Tuesday, September 06, 2011

How to Start an Organic Garden

For a quick how-to on best practices in building and maintaining an organic garden, follow the following six steps.

  • Step 1: Begin with the End (in mind)

    For any long-term idea, backwards planning helps turn that idea into reality. Reverse planning is especially crucial before planting an organic garden, as gardens take time and patience to grow. Putting time in on the front end will result in a luscious, successful garden and remove taking steps backwards later on in the gardening process. Ask yourself, what sort of aesthetic do you want to achieve? Will the plants be decorative or edible? Will you select plants to attract certain desirable creatures such as hummingbirds and butterflies? Can you purchase the plants locally/easily? Do you want to start with organic seeds and sprouts? What plants cooperate with your environment and local weather patterns? Does growing organic matter to you? If it does, look for plants potted with organic soil amendments and conditioners, rather than chemical fertilizers. Also, think about your garden layout. Do you want the garden to be laid out in rows? Organized in squares? Organized by seasonality of the plant? Or, how about some type of pattern? Will the garden be only one-season or will it go through multiple blooms? Learn what plants bloom at different times throughout the growing season in your region. What about winter interest? Lay out a rough blueprint of how you want your garden to look. This will allow you to consider (or talk to a local expert at a organic nursery) which plants fit nicely and which don’t.

  • Step 2: Choose the garden location

    It is important to carefully consider where your garden will be located. Concerns to keep in mind when selecting your garden location are: the amount of sunlight that will reach the area and the ability for water drainage. An added perk to site location for your organic garden is finding a spot within eyesight of your house, for you to enjoy your hard work.

  • Step 3: Get your hands dirty

    You’ve thought about the space for your organic garden, you’ve decided on which plants you want to grow... now it’s time to get in and dig. Rope off the area allotted for your garden and start digging. Turning and prepping the soil is vital to your garden's success. This step is the most time-consuming and physically demanding, so after getting your hands dirty, the rest is a breeze.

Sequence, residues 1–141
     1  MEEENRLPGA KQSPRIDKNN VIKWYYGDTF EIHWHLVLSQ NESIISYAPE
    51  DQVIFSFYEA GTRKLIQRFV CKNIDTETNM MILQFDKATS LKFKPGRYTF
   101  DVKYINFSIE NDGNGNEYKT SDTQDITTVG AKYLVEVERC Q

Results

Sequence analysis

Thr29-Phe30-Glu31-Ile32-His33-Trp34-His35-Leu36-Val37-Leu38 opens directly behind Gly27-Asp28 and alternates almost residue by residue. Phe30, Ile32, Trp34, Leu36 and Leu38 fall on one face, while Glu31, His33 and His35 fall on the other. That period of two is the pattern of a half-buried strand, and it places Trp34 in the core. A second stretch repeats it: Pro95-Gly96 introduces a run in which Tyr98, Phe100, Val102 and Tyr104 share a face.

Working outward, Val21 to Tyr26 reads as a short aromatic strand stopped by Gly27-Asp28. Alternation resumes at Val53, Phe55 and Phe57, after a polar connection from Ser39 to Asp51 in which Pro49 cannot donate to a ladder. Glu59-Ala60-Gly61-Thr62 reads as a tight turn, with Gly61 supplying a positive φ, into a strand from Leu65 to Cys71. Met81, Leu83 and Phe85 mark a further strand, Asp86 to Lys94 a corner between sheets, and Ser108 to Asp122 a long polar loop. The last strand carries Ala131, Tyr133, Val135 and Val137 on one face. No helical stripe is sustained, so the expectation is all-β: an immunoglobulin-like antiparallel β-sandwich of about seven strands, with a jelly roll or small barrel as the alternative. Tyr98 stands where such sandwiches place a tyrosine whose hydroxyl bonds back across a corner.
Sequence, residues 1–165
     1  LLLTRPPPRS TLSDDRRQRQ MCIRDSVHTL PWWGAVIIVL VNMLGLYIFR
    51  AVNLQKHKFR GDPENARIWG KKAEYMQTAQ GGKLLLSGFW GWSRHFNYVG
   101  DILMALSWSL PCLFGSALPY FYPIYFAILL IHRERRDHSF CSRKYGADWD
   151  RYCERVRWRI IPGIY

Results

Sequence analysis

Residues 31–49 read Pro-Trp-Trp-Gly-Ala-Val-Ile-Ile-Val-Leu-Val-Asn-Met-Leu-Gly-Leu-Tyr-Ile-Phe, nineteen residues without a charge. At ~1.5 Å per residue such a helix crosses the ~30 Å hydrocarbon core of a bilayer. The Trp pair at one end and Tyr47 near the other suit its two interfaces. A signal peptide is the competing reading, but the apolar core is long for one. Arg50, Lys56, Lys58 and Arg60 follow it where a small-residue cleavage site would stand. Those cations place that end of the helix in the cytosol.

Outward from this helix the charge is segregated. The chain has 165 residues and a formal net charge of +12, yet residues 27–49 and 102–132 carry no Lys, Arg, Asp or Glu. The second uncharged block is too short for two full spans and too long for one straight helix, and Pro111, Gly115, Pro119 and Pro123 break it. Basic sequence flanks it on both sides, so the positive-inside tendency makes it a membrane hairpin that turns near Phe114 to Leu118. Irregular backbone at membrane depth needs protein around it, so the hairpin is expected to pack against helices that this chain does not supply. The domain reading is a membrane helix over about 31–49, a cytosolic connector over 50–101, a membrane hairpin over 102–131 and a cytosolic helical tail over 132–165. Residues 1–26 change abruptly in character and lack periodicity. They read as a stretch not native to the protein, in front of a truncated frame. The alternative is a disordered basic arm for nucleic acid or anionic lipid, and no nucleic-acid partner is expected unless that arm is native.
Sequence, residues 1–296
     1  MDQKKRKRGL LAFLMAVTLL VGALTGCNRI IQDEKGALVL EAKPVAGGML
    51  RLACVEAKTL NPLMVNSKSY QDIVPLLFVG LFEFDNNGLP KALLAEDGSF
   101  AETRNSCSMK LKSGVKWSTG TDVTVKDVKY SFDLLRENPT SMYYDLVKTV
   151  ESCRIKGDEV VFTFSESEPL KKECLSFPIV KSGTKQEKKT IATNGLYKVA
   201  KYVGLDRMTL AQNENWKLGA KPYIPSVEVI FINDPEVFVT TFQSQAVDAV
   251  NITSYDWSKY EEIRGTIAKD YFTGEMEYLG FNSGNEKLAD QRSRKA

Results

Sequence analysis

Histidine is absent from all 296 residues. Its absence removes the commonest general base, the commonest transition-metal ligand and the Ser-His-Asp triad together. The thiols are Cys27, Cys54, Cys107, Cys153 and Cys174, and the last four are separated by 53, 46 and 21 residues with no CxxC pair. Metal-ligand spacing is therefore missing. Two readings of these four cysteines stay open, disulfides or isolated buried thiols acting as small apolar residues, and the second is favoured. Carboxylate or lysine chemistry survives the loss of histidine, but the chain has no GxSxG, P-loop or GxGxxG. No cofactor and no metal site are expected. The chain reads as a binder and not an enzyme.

• Step 4: Nourish your soil

    It’s no tricky math equation: healthy soil = healthy growth. Take the time here to really nourish your soil and choose organic, nature-friendly substances that will organically aid your gardens growth. Amend the soil with lots of organic matter to provide soil structure and nutrients. Compost is a trendy and natural way to add nutrients to your soil, but we recommend using EM•1® Bokashi to help neutralize the odors accompanied with composting and to help break down the compost to a more useable level. Another natural way to help promote soil building is by using a microbial inoculent like EM-1, which will enhance the soil quality and help retain moisture. Choosing to incorporate organic soil builders will help green-out your green thumb.

  • Step 5: Planting

    When planting, make sure the root ball is moist and saturated with water. Additionally, it’s a good tip to use a garden pick to break away the root ball encasing so the roots can grow out freely and uninhibitedly. Place the plant in a hole as deep as the root ball, but twice as wide. Fill the hole back up with the soil, pat it back in place and water and some EM•1® (about 1/2 gallon of Activated EM•1® for a 10-gallon tree). You can also add in some nutrients at this time to start the tree off well. (If you live in a desert area, a little trick is to put a 1/2" diameter pvc pipe about three feet down in the ground to water down where the roots go.)

    Once your garden is planted in entirety, cover it with at least 3 inches of organic mulch. This helps suppress weeds and maintain moisture.

  • Step 6: Labeling (optional)
    It’s recommended to label each individual plant so you can quickly recall its name and treat it accordingly.

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